Who Will Student Loan Cuts Help, And When?

By: Stacy McCloud
By: Stacy McCloud

Knoxville (WVLT) - The House passed a bill aiming to cut some student loan interest rates in half. As the bill heads to the senate, Volunteer TV's Stacy McCloud shows you who might see benefits from the bill and when.

It's the first week of spring semester here at Pellissippi State, which means the financial aid office is one of the busiest rooms on campus.

"We see hundreds of students everyday," says Paul McKinney, Director of Financial Aid.

Carlos Breaux is checking to make sure all of his scholarships are in place.

At over $1,200 a semester, his two scholarships help, but he still has one student loan he'll have to pay after graduation, and considering he's only a freshman, he's sure there will be other loans in the future.

So news that interest rates could be reduced from 6.8 to 3.4 percent is certainly welcomed.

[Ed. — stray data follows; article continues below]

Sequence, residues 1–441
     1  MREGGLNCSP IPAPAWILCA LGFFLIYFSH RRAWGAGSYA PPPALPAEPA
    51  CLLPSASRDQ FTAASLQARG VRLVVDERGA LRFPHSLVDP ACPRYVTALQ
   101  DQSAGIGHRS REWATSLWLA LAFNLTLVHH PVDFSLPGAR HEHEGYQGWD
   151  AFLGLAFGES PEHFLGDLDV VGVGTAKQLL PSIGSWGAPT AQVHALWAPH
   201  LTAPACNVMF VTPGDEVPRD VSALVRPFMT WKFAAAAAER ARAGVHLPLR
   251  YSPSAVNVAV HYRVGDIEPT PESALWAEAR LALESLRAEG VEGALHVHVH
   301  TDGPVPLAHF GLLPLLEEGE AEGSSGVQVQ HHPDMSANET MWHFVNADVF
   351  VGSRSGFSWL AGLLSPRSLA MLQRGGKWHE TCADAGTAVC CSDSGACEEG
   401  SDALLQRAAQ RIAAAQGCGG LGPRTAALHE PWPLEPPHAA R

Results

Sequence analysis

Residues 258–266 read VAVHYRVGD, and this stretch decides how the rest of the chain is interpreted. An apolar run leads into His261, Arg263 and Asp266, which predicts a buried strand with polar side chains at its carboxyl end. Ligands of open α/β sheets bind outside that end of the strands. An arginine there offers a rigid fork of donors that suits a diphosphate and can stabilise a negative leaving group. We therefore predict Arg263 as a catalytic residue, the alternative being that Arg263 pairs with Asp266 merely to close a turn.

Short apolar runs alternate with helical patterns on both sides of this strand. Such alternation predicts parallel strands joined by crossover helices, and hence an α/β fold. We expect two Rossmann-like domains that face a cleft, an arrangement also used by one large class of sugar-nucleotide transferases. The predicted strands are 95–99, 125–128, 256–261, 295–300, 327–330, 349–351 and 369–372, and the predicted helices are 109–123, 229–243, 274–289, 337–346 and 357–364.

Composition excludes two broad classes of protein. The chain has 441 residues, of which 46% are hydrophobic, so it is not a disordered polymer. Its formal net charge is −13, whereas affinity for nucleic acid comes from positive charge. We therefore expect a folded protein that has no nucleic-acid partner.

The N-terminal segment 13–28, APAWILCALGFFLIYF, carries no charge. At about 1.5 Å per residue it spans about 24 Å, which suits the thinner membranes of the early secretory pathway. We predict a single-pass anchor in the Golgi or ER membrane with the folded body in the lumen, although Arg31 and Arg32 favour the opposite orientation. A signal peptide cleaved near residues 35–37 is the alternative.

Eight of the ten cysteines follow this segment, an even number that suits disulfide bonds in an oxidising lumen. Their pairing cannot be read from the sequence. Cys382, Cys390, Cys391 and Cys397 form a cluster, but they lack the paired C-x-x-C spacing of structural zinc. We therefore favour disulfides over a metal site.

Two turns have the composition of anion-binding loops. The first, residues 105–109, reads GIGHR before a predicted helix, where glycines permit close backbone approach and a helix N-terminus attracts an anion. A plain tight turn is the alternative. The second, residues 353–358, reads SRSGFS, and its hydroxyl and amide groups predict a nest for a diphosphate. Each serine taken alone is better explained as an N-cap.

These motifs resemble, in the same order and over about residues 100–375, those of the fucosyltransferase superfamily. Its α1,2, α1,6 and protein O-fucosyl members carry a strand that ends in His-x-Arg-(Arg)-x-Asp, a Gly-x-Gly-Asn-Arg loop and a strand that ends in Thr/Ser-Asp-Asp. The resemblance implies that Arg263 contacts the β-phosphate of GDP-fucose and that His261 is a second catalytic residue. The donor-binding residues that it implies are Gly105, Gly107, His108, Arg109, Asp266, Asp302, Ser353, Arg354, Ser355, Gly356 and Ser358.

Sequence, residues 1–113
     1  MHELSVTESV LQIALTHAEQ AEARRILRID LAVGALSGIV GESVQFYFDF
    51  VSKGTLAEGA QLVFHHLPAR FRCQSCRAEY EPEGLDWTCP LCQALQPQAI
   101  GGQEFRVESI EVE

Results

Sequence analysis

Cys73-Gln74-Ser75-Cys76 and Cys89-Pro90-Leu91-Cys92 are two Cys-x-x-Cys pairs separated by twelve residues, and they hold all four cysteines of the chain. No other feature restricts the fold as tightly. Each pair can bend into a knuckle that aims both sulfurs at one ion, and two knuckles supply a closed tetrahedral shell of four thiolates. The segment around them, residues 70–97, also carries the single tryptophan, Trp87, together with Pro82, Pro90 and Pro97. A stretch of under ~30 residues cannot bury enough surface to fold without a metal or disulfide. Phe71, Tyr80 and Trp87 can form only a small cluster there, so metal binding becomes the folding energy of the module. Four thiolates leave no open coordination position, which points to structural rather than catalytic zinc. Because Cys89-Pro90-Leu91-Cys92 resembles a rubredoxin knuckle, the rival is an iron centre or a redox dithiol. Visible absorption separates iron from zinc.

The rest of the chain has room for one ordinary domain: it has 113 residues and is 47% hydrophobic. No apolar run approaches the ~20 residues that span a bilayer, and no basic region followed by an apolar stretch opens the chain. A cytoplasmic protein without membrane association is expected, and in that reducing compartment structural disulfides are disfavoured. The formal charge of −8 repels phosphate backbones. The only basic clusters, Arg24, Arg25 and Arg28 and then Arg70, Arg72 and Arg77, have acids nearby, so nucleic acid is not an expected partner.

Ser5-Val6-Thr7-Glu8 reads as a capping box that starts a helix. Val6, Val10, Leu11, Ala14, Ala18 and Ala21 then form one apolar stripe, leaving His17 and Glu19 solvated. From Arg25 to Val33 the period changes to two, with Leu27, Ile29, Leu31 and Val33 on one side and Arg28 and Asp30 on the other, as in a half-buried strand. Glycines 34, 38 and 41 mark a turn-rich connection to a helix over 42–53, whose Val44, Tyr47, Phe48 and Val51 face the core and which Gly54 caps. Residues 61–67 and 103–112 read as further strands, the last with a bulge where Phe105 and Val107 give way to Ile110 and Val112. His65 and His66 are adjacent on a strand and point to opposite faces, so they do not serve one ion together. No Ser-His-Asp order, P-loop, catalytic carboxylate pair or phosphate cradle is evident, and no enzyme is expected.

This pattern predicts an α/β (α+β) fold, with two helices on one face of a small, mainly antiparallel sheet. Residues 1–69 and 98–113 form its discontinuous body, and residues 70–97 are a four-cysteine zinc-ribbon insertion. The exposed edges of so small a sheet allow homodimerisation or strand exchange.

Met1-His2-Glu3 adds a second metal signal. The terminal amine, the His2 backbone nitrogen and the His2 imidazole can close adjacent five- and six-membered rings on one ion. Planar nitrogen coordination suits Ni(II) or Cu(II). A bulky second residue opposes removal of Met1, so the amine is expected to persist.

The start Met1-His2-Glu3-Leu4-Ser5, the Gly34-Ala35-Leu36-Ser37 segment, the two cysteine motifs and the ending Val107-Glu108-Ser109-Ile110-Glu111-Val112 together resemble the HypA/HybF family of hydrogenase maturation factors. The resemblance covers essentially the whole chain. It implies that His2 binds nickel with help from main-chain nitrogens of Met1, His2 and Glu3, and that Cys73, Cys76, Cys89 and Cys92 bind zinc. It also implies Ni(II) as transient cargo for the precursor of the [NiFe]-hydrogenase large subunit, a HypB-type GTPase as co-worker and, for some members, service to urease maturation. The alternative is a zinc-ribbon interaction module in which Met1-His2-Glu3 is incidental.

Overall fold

"I think it is a good idea, I do, because if you need money for school that is a good way to help students out," says Breaux.

"Once they graduate and go into repayment they're payments are going to be less and the total amount of interest they will pay at the end of the loan is going to be considerably less," explains McKinney.

McKinney says if passed, the bill would help a lot of middle income families, but only if they are applying for a new loan.

It wouldn't help the some 4,000 students here that already have them.

"From what I understand it's for new borrowers only," McKinney says.

With the possibly just around the corner, McKinney says interest rates are adjusted each July 1st, some students may wonder, "should I wait?"

McKinney says they council students in situations like this, but adds it would be a good idea, since you're looking at what could be major interest dollars saved.

The proposal would cost nearly six billion dollars and affect a total of about five-and-a-half-million students.

Don't expect it to come without a fight.

The Bush Administration opposes the bill, because many Republicans feel more federal grants, the ones students don't pay back, would be a better idea.


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